WMcampThe way that the tickets for the Anderida Gorsedd Autumn camp sold out in under a day has really shocked me and Cerri. My own natural reaction is to try and please everyone, so when I get emails from disappointed people I just want to make them happy and shift the boundaries to accommodate them. I spoke to Cerri for a long time about this last night, talking over different options. We could, of course, drop the 60 adults limit and just have no limit. We could make one of the camps unlimited and the other as they are now… So many thoughts.

When we started the AG camps in 2003 we set the limit to 40 and struggled to get that amount. But then more people found out about them so we increased it to 50, then 60. But then the spring camp sold out in 2 weeks, and then this one in 24 hours!

Our goal for the camps was always to create an intimate space where we could create magic together. That the camps were different from other Pagan camps in that they became weekend rituals, deeply exploring a theme, then entering into it for the Saturday night ritual. The limit was made after our experiences with OBOD camps, and also the logistics of creating a meaningful ritual that could be deeply felt by everyone involved. We wanted people to feel safe enough to express themselves, to open up, to be free.

I remember Paul Mitchell saying on another message board who were obviously really trying to create a ‘tribe’ that the only tribe he knows grew by accident, and that really is the case with the AG. The camps were never created to form a tribe of people, but to create shared magic – the tribal feel has been a very happy accidental mix of wonderful people, regular and reliable camps, open rituals, and then the conference. But there is no ‘membership’ fee for the Gorsedd, people are a part of it if they want to be. There is no inner, or outer circle, and word has spread about the magic we create at these camps, and more people want to experience them. These are all good things.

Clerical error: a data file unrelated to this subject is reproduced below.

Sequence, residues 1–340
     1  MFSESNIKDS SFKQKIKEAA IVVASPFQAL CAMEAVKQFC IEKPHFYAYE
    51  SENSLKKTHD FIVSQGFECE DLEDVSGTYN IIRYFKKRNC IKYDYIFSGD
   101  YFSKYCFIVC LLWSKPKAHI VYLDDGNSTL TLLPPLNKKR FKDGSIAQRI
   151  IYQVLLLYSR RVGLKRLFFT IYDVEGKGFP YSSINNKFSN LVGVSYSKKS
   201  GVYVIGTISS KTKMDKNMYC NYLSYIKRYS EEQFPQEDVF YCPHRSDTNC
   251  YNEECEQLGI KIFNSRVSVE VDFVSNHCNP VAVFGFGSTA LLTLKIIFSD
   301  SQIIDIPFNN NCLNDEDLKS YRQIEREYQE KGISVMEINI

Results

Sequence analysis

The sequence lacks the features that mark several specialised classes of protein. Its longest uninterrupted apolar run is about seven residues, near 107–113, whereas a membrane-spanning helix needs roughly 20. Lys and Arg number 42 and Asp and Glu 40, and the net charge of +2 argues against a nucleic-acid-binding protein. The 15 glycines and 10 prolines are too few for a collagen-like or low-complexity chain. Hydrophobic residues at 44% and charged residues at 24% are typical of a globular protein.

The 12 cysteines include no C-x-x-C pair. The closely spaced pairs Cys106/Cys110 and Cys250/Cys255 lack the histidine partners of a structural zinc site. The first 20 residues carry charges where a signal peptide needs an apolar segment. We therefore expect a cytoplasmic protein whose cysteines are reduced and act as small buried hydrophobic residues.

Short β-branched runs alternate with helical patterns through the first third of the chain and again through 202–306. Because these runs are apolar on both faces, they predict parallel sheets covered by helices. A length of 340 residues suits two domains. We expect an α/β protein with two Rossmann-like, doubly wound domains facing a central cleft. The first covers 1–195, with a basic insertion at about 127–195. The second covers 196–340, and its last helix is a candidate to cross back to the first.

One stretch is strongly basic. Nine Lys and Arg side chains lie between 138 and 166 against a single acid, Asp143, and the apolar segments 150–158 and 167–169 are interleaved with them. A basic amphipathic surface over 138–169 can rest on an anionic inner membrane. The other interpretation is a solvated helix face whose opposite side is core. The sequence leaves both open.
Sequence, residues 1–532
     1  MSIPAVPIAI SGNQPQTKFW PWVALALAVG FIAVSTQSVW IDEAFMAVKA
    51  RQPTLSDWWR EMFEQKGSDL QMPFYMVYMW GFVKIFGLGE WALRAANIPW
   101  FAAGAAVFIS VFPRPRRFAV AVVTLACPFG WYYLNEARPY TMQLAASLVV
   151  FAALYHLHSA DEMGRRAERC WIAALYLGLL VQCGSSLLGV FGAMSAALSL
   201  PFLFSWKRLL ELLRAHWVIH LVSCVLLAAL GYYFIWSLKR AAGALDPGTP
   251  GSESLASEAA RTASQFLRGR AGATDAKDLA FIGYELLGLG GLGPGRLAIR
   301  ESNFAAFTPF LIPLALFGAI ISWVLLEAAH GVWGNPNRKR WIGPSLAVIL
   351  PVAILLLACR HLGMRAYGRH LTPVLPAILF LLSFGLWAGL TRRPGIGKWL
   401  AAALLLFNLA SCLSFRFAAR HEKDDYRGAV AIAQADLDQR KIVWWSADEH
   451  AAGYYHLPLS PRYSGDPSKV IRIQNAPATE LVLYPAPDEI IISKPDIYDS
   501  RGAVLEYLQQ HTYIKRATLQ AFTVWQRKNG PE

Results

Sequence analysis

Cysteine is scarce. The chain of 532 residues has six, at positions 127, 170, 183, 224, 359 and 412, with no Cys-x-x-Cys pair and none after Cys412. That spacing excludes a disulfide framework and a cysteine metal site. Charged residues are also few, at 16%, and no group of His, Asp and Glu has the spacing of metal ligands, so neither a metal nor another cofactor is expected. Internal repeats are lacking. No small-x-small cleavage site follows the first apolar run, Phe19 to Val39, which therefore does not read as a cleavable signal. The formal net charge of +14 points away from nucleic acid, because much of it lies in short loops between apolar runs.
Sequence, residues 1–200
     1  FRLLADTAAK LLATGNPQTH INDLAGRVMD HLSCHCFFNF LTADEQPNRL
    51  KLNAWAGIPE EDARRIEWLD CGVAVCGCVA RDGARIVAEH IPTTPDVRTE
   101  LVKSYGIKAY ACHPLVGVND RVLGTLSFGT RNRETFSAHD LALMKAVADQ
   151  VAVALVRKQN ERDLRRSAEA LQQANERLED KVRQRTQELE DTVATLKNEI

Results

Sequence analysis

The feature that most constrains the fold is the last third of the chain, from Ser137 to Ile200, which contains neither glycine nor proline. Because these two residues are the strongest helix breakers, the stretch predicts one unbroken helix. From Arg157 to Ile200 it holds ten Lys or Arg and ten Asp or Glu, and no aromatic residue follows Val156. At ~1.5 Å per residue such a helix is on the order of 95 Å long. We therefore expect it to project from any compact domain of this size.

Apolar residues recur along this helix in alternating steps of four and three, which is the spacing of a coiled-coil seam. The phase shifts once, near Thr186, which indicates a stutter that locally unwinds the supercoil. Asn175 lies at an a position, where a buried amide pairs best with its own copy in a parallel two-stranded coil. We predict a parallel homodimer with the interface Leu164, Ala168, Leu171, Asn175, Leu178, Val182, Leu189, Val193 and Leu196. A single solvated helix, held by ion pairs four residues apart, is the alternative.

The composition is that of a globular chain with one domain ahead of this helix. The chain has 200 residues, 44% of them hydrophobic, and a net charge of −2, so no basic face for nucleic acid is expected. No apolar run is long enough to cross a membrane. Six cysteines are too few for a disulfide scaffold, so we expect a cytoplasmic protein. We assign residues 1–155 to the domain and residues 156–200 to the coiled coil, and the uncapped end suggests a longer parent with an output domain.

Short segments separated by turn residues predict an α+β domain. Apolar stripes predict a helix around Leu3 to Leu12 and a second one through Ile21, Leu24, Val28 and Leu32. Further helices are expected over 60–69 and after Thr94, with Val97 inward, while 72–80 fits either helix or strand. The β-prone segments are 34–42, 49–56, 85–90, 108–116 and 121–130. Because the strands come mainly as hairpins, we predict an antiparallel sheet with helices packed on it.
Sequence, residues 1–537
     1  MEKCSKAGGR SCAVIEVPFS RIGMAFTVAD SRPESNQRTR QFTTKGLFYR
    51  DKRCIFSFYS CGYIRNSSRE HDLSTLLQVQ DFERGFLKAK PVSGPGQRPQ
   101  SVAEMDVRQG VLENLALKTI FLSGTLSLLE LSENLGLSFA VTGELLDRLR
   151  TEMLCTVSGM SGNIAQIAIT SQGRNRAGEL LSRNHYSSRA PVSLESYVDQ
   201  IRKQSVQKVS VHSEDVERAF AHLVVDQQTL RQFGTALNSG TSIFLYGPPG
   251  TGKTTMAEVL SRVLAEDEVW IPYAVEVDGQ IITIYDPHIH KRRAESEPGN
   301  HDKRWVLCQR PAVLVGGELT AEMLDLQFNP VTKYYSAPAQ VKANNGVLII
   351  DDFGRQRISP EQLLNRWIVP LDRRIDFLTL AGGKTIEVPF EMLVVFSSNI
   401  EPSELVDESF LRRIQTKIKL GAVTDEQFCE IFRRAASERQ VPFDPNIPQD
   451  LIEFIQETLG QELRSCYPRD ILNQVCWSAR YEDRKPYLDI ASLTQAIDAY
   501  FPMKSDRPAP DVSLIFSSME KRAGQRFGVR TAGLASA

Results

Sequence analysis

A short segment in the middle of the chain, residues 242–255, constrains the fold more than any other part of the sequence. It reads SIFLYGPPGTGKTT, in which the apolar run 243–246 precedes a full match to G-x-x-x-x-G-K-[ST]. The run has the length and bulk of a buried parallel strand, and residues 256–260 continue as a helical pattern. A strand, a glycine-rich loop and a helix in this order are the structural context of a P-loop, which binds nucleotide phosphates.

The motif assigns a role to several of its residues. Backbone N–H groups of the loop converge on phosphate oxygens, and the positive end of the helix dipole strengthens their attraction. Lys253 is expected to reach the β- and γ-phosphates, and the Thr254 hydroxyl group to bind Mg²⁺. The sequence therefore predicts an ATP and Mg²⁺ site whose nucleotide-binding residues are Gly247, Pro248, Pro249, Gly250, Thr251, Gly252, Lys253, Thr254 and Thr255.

So the choice is whether to increase the limit, or have no limit at all. Well, I can say that the limit has already increased a little and it’s likely we will have about 75 at the Autumn camp. Simply put, I couldn’t get the PayPal buttons off the website quickly enough, and we want to honour all of the people who have bought tickets. But those who have been before, try to imagine 150-300 people in that field. There is no way we could all get around our community fire and keep warm. Imagine the Immrama Journeys with that many people, or the Battle of the Trees ritual, or if you were there, how could we have done the Three Worlds journey with that many? It couldn’t happen. It would vastly change the vibe and energy of these camps to increase them that much, and then I think the experience people have would change so much that we would start to hear things like, “They aren’t as good since they got bigger”.

I read a book on ancient tribal cultures and in that book it says that most successful tribal communities were, and still are, made up of around 60-80 people. Once they get larger than that they begin to fragment back into smaller groups. So for all of these reasons we’re going to stick with the current way of organising the AG camps for the time being. As they say, if it ain’t broke, don’t fix it. It’s amazing really – the AG has 2 camps, a conference, 8 open rituals, three internet forums, and a monthly moot. I think that’s amazing in itself, but there’s always room for more exciting things for us to share, so watch this space…